The Ottawa Charter on which health promotion is based postulates health equity for all and demands among other issues that health promotion (and prevention) take into account the different realities of girls/women and boys/men when planning, implementing and evaluating projects and interventions. The intention is to consider gender aspects increasingly, which does not mean to neglect other powerful determinants of health such as ethnicity, social class or age.
'Gender' usually refers to psychological or socially/culturally constructed characteristics and is distinct from 'sex' which is biological,
Lifestyle and behaviour patterns including individual health behaviour are determined by environmental, economic and structural factors (i.e. housing, income, employment) as well as by social group and gender. Due to different socialization and development patterns everyday realities and social expectations regarding behaviour and roles continue to be different for the two sexes.
Gender studies have shown that the two sexes differ in many ways - not only in terms of life expectancy and occurrence of disease but also in regard to risk behaviour and different coping strategies.
To include the criteria of 'gender' in a project is to contribute significantly to its quality as it is a sign that the needs and realities of the target-groups have been given careful consideration.
- You worry about the extra work that the inclusion of gender issues might create.
- You do not believe you have the required know-how in order to do justice to the gender perspective.
- You imagine that it means implementing projects for girls or women primarily.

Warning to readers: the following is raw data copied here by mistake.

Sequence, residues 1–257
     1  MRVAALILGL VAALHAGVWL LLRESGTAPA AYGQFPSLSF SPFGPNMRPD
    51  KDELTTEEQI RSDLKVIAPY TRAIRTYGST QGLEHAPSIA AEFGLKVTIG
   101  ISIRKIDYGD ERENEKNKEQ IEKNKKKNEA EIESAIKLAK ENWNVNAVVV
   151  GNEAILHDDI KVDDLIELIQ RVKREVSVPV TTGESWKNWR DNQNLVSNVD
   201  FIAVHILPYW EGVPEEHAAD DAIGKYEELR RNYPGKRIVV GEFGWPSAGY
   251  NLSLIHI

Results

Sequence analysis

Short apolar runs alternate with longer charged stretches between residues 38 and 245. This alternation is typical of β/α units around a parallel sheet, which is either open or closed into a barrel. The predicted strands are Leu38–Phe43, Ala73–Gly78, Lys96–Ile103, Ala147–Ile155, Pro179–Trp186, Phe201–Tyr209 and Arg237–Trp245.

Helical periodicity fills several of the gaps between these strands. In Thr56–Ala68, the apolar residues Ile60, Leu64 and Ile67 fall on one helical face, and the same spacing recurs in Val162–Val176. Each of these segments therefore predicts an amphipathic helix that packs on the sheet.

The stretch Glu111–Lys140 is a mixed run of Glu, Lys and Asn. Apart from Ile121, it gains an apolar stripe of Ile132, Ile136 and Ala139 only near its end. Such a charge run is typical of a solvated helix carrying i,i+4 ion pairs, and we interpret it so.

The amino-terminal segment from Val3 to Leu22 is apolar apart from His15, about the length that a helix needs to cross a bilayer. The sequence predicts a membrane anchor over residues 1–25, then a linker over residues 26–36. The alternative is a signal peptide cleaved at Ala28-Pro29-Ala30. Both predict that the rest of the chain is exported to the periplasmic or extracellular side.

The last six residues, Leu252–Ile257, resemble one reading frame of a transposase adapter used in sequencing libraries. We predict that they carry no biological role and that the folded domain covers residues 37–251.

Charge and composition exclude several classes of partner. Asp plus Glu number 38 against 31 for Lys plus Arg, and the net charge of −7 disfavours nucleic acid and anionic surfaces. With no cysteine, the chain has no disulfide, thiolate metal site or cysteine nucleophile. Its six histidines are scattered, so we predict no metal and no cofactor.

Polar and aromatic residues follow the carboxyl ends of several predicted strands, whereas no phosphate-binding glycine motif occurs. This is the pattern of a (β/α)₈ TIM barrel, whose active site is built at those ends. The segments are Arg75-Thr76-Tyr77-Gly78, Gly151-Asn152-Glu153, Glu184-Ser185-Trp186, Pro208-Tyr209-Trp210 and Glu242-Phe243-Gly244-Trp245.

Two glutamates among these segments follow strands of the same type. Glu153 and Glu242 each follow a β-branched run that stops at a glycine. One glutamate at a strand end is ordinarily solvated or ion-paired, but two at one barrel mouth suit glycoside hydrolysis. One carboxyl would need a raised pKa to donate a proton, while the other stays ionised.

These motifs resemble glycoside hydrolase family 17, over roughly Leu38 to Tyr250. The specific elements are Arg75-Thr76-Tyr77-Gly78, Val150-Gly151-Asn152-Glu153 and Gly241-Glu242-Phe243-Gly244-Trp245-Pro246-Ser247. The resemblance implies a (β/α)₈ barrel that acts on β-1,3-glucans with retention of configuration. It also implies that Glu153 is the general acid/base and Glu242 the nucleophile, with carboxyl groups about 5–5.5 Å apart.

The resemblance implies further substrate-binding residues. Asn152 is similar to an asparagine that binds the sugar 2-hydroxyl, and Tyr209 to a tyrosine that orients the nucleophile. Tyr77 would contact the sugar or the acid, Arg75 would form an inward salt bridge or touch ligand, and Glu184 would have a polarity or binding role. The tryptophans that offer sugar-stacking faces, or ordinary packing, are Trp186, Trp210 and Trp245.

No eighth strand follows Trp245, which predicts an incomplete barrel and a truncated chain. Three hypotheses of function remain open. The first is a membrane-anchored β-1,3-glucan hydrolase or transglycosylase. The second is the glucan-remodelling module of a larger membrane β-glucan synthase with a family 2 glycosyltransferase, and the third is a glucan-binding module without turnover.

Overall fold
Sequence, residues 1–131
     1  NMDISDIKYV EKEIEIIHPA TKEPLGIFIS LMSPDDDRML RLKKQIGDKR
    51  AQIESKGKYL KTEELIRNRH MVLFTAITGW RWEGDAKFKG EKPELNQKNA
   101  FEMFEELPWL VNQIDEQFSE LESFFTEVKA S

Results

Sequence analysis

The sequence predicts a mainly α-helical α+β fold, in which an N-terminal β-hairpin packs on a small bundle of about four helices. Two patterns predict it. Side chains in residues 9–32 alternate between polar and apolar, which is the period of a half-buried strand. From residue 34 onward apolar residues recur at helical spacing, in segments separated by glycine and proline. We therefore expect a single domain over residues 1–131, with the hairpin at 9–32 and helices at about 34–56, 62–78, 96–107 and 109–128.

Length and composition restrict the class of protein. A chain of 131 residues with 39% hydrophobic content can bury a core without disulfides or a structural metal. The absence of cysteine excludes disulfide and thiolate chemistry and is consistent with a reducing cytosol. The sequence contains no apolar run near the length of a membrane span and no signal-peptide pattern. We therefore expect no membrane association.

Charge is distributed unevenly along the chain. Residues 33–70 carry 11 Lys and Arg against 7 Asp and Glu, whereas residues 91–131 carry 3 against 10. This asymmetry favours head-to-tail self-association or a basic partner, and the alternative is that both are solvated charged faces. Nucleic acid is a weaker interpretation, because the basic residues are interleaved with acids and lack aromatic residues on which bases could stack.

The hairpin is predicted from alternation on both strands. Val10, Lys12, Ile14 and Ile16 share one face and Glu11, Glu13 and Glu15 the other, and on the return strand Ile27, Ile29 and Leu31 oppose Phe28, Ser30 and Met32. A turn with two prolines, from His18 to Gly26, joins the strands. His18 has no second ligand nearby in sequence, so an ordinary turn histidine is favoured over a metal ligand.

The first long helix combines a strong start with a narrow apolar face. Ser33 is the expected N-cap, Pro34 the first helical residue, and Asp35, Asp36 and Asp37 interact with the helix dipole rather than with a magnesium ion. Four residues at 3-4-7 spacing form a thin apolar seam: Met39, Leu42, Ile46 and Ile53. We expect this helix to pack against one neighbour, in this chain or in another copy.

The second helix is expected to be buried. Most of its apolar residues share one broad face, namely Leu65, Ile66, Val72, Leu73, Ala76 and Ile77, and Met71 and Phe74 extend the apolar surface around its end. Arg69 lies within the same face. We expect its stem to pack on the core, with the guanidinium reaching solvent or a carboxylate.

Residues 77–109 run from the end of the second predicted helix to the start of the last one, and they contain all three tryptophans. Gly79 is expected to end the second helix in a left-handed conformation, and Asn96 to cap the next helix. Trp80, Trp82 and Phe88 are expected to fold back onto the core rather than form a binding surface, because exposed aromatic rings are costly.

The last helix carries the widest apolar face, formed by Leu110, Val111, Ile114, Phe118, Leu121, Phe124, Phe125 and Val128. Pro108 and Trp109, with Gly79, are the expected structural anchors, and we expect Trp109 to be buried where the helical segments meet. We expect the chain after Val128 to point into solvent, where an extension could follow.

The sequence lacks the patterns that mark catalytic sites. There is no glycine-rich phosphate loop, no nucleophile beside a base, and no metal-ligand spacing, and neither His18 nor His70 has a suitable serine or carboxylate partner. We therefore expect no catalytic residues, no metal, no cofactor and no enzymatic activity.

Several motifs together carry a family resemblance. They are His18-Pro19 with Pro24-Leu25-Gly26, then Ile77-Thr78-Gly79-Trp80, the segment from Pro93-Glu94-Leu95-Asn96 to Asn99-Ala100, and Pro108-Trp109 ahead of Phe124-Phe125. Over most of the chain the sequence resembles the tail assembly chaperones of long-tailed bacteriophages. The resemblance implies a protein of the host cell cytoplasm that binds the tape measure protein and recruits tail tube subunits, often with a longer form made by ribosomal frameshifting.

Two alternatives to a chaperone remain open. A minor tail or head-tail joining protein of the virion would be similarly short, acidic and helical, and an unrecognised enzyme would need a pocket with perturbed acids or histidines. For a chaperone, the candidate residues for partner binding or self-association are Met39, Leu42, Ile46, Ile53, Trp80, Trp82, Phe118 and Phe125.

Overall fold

- You worry that other aspects such as ethnicity, social class or age might be neglected.
- You assume that all projects must be gender differentiated whether it makes sense or not.
By considering gender aspects you contribute to reducing health inequalities.
To differentiate the target-group according to gender improves the reach and the quality of the project because your interventions will be tailor made and respond to the differing needs of the target-groups.
Knowing the different contexts in which men and women live is a prerequisite for achieving individual behaviour change and sustainable structural changes.
You contribute to enabling women and men to improve their own health and well-being.
Use the check-list 'Gender aspects in health promotion and prevention' and check if your work is already 'engendered' and where there is potential for improvement.
If you encounter opposition from the team you can consult Health Promotion Switzerland's website and find a ready made list of points that will help you argue the 'gender' issue with your collaborators. You will find a statement of principles, a glossary, links to relevant literature and web pages and some other useful tools.
Other information regarding health equity can be found on 'genderhealth.ch'.
- Are you aware of your own gender role and are you sensitive to gender issues?
- In each project phase test if circumstances and facts mean the same for girls/women and boys/men and thus avoid possible bias.
- Are you consciously taking account of gender differences when you think about individual and social resources, individual life skills and needs as well as social and societal factors?